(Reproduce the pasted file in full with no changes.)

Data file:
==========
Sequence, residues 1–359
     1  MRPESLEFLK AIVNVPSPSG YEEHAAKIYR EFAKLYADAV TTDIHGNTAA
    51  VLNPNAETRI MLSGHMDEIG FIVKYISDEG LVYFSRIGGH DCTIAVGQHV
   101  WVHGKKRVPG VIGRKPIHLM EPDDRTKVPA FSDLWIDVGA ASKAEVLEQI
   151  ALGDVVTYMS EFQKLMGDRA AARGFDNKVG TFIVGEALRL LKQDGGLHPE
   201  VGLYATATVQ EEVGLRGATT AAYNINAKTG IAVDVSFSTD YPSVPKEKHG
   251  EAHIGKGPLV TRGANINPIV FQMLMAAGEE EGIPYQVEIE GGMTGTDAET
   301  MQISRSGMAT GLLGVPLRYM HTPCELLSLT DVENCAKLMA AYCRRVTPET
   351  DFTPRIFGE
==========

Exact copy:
Sequence, residues 1–359
     1  MRPESLEFLK AIVNVPSPSG YEEHAAKIYR EFAKLYADAV TTDIHGNTAA
    51  VLNPNAETRI MLSGHMDEIG FIVKYISDEG LVYFSRIGGH DCTIAVGQHV
   101  WVHGKKRVPG VIGRKPIHLM EPDDRTKVPA FSDLWIDVGA ASKAEVLEQI
   151  ALGDVVTYMS EFQKLMGDRA AARGFDNKVG TFIVGEALRL LKQDGGLHPE
   201  VGLYATATVQ EEVGLRGATT AAYNINAKTG IAVDVSFSTD YPSVPKEKHG
   251  EAHIGKGPLV TRGANINPIV FQMLMAAGEE EGIPYQVEIE GGMTGTDAET
   301  MQISRSGMAT GLLGVPLRYM HTPCELLSLT DVENCAKLMA AYCRRVTPET
   351  DFTPRIFGE